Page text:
Monday, February 1, 2010

Monday Humour

A foreigner's impression on Malaysian drivers [third and final part]

Q. Does my car require a roadworthy certificate before I can drive in Malaysia?

A. No, roadworthy certificates are not required in Malaysia. However, there are certain other statutory requirements that must be fulfilled before your car can be driven in Malaysia. Firstly, you must ensure that your windscreen is at least 50% obscured with English football club decals, golf club membership stickers or condo parking permits. Secondly, you must place a tissue box (preferably in a white lace cover) on the back shelf of your car under the rear window. Thirdly, you must hang as many CDs or plastic ornaments from your rear vision mirror as it will support. Finally, you must place a Garfield doll with suction caps on one of your windows. Your car wll then be ready to drive on Malaysian roads.

Q. What does a single yellow line along the edge of the road mean?

A. This means parking is permitted.

Q. What does a double yellow line along the edge of the road mean?

A. This means double parking is permitted.

Q. What does a yellow box with a diagonal grid of yellow lines painted on the road at a junction mean?
A. Contrary to the understanding of some local drivers, this does not mean that diagonal parking is permitted. It indicates a junction that is grid-locked at peak hours. Try to avoid such areas at this time of the day.

Q. Can I use a mobile phone whilst driving in Malaysia?

A. No problem at all, but it should be noted that if you wish to use the rear-vision mirror to put on your lipstick or trim your eyebrows at the same time as you are using the mobile phone in the other hand, you should ensure that you keep an elbow free to steer the car. Alternatively, you may place a toddler on your lap and have the child steer the car whilst you are carrying out these other essentials tasks.

Q. Is it necessary to use indicator lights in Malaysia?

A. These blinking orange lights are commonly used by newly arrived expatriate drivers to indicate they are about to change lanes. This provides a useful signal to local drivers to close up any gaps to prevent the expatriate driver from changing lanes. Therefore, it is recommended that expatriate drivers adopt the local practice of avoiding all use of indicator lights. However, it is sometimes useful to turn on your left hand indicator if you want, merge right because this confuses other drivers enabling you to take advantage of an unprotected gap in the traffic.
Another use of the indicator light. If you arrive at a T-junction and there is a car coming towards you from the right with its indicator light signaling that it is turning to its left, please note the car may not be turning to the left. The driver of that car is actually telling you he has not made up his mind yet whether to turn left or continue straight ahead, in front of you. Seasoned local drivers will tell you to wait until the car made a left turn or completely passed in front of you before you make your move.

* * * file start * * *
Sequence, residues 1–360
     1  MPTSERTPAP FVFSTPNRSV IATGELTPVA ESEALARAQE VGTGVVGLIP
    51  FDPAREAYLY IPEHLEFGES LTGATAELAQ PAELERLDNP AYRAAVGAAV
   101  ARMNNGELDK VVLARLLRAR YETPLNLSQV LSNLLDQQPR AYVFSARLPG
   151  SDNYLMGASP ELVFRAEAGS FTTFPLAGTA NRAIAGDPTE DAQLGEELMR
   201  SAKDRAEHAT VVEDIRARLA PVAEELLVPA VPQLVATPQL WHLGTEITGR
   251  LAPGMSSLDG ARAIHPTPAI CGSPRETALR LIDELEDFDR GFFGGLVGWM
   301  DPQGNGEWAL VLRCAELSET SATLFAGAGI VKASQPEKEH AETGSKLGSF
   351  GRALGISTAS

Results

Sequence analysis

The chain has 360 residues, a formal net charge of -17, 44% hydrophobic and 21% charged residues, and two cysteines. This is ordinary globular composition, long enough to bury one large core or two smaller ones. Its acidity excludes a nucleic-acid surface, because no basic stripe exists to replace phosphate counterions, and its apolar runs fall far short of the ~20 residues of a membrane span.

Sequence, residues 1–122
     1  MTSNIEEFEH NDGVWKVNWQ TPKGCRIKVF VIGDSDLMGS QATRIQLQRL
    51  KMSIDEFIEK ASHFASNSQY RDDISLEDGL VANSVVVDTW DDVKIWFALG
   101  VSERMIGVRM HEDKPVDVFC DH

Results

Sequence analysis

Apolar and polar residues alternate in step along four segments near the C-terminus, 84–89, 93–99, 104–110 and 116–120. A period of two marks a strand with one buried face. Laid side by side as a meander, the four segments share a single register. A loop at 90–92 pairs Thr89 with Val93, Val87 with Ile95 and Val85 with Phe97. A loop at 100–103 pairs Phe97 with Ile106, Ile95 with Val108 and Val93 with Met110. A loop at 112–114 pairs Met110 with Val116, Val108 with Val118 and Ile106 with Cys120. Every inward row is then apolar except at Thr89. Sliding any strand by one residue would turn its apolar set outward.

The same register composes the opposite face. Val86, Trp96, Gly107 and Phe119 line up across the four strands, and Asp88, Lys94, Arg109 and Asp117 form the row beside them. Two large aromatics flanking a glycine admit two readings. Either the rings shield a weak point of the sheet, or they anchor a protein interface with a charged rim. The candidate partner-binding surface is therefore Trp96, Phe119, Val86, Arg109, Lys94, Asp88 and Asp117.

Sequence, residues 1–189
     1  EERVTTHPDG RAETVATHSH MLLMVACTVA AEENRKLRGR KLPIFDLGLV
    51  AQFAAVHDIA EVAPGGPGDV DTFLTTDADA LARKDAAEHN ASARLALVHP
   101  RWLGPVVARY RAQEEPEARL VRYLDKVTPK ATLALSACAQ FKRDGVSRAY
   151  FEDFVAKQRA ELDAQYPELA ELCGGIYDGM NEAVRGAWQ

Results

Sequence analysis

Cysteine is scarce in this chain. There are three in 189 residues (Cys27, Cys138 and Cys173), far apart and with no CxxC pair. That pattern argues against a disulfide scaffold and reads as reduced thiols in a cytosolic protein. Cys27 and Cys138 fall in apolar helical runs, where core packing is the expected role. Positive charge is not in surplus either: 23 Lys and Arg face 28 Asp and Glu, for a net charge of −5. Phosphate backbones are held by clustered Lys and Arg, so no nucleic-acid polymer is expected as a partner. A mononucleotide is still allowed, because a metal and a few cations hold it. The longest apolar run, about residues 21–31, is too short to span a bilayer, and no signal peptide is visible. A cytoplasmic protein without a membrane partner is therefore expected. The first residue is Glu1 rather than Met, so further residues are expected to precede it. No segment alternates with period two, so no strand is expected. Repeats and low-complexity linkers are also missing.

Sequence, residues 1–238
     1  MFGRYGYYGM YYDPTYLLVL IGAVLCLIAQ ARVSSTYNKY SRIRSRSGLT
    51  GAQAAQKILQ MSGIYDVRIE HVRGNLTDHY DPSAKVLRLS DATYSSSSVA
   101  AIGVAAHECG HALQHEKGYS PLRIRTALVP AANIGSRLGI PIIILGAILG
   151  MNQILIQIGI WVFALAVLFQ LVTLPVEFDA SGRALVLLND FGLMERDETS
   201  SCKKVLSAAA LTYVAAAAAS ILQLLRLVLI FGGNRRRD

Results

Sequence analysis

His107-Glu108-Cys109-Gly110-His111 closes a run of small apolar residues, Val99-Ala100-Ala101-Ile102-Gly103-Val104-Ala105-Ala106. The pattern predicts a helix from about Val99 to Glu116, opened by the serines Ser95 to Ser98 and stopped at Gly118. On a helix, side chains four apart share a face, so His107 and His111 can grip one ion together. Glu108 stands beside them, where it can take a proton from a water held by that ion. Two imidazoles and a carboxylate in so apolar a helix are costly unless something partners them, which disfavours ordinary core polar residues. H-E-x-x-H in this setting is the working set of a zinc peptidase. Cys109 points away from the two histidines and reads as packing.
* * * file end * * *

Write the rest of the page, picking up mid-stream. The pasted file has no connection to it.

Q. Why do some local drivers turn on the left hand indicator and then turn right, or turn on their right hand indicator and then turn left?

A. This is one of the unsolved mysteries of driving in Malaysia.


I was having trouble with my computer... So I called David, the 11 year old next door whose bedroom looks like Mission Control, and asked him to come over.
David clicked a couple of buttons and solved the problem.
As he was walking away, I called after him, 'So, what was wrong?'
He replied, 'It was an ID ten T error.'
I didn't want to appear stupid, but nonetheless inquired, 'An, ID ten T error? What's that? In case I need to fix it again.'

David grinned. 'Haven't you ever heard of an ID ten T error before?'

'No,' I replied.

'Write it down,' he said, 'and I think you'll figure it out.'

So I wrote down: I D 1 0 T

I used to like the little sh*t...


An Indian man said to the friend, 'You know my parents are forcing me to get married to his so called homely girl from a village whom I haven't even met once.' We call this arranged marriage. I don't want to marry a woman whom I don't love... I told them that openly and now have a hell lot of family problems.'

His friend said, "I'll tell you my story."

I married a widow whom I deeply loved and dated for 3 years. 'After a couple of years, my father fell in love with my step-daughter and married her, so my father became my son-in-law and I became my father's father-in-law.

Legally now my step-daughter is my mother and my wife my grandmother.

More problems occurred when I had a son. My son is my father's brother-in-law and at the same time he is also my uncle .

Situations turned worse when my father had a son. Now my father's son, my brother is my grandson. Ultimately, I have become my own grand father and I am my own grandson.

And you say you have family problems...

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